So, yes, home? My home at the moment is a series of hotel rooms, which quickly become personalized because I use hundreds of post-it notes to remind myself where I am in the story I’m currently writing. The cleaners probably think I’m a serial killer. It’s very liberating to be this mobile. Literally everything I own in the world fits into my suitcase. I’ve become very good at not acquiring stuff, and giving books away as soon as I’ve finished them. Drunken eBay shopping is a thing of the past – the question I ask myself now is not “Do I need X?” or “Can I afford X?” but “Do I really want to carry X across three continents?” It’s also shaped my reading habits. Most of Jonathan Franzen is out, for instance, because his books weigh so damn much.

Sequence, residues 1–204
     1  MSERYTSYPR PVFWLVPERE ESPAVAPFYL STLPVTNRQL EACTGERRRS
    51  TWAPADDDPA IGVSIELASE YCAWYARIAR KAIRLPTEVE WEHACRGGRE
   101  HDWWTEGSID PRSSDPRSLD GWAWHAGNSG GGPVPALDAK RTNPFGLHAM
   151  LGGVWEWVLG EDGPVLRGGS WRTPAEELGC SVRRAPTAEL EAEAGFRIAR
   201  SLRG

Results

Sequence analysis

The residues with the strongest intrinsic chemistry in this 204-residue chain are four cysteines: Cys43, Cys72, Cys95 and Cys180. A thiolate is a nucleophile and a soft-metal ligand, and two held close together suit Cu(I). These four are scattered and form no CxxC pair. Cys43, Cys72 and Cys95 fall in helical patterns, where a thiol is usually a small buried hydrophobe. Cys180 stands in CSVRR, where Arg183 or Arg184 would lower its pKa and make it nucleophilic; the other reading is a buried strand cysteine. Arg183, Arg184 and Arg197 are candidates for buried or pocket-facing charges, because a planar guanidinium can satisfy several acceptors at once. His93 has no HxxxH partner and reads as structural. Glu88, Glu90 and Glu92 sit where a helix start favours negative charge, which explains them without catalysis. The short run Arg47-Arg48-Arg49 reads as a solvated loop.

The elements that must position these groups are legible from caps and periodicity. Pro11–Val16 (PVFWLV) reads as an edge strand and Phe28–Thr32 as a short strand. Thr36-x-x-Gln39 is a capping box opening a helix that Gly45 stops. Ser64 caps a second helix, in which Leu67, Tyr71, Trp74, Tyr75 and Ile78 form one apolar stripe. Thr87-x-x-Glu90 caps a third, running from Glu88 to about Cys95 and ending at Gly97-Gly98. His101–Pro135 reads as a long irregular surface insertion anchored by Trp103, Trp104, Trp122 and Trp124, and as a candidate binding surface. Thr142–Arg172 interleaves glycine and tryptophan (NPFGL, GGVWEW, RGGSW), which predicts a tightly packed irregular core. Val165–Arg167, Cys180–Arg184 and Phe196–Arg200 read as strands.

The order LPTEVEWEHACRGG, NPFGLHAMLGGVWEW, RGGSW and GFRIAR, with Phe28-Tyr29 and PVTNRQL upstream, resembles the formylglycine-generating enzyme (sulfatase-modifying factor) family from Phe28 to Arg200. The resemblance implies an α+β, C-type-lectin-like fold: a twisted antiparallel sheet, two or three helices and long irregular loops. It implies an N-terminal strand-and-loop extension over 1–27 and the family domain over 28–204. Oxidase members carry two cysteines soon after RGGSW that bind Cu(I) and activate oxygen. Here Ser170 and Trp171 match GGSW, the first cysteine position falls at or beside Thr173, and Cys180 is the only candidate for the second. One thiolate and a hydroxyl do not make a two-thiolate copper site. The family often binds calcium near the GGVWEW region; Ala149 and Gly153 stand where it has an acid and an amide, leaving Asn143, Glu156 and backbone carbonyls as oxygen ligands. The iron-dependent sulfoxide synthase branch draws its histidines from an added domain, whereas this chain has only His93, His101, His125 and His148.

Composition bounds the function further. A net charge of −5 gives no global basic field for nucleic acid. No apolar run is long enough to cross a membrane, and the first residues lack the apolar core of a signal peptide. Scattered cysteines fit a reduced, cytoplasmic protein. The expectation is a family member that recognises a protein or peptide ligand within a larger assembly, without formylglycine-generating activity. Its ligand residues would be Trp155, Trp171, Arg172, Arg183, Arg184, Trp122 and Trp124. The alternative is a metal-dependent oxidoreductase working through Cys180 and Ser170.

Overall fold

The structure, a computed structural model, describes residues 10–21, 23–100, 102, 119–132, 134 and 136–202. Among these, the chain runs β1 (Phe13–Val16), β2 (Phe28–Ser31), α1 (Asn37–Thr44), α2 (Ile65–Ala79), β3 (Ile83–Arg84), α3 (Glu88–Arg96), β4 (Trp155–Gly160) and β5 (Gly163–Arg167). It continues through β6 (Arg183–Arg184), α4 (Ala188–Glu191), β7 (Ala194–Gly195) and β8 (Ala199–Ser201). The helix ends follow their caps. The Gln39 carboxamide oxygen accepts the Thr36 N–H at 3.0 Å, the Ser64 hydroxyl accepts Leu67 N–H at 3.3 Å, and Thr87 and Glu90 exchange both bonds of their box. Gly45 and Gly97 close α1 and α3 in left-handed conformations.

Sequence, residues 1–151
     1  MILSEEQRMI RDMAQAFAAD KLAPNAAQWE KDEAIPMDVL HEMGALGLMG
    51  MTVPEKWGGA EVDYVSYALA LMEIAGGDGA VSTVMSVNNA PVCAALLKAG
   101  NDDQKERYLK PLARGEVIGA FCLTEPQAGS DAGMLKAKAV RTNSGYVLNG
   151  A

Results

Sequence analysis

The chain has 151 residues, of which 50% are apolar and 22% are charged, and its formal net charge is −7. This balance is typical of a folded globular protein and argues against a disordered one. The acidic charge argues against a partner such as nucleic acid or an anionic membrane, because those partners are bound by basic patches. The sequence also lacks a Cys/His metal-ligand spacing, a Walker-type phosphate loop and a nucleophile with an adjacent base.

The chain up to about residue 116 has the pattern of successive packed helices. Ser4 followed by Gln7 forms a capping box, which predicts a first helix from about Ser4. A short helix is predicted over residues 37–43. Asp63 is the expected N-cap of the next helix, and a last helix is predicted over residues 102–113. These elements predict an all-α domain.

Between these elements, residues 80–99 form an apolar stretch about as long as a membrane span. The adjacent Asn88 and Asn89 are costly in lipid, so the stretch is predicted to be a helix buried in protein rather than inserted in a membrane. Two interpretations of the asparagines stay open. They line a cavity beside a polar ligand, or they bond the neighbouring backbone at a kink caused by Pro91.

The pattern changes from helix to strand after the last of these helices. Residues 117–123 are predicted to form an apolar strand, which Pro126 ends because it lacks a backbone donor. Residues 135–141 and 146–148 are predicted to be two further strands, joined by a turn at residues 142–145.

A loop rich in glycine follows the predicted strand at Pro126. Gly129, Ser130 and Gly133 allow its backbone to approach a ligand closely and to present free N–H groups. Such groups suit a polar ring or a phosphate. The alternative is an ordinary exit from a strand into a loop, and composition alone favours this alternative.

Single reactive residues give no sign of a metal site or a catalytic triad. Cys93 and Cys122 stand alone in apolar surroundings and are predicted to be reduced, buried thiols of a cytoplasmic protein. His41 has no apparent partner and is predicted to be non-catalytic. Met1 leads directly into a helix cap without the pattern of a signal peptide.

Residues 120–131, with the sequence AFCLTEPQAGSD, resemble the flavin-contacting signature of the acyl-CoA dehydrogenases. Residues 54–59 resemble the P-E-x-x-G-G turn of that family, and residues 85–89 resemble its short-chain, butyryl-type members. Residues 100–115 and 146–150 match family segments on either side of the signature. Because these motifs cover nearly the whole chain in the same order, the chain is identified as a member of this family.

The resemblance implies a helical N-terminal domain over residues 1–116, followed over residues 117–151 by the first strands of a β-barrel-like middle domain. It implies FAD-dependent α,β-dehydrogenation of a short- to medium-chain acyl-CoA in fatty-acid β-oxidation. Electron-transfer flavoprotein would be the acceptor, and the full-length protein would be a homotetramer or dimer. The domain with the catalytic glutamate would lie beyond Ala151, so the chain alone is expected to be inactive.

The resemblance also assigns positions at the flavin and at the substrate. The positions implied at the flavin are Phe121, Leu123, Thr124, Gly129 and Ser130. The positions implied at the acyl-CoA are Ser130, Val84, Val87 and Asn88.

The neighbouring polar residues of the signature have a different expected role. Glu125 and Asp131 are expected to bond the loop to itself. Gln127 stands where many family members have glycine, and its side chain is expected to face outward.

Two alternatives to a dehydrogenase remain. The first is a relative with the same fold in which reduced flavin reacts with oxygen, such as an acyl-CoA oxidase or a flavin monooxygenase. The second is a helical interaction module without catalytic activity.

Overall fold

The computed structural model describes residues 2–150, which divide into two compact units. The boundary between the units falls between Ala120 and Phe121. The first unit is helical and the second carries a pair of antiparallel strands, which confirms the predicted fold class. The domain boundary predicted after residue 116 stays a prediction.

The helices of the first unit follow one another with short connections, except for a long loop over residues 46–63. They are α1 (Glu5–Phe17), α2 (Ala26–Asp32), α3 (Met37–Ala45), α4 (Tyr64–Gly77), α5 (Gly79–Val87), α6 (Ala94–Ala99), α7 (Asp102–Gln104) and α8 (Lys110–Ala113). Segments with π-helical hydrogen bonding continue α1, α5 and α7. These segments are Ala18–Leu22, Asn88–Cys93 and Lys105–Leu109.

Before you start: yes, thank you, I am aware that kindles exist. But (i) most Chinese books aren’t available in e-book format, and (ii) thanks to the murky world of copyright restrictions, amazon can’t really deal with you unless you’re permanently based in one country. And I prefer physical books, although that love is challenged when I find myself in a hotel with no elevator. Just me, three flights of stairs, and a suitcase full of paperbacks.

    Don’t get me wrong. I would, one day, like to live in a proper house again. Somewhere with furniture and cats and neighbors who’ll stay long enough for me to learn their names. I’d like to be normal and have backyard barbecues and go to IKEA on weekends. Not to mention the lure of owning actual bookshelves! Maybe one day soon. At the moment, though, there’s such a lot of world to see, and I’m lucky enough to be in an eminently portable profession, one that allows me to see it.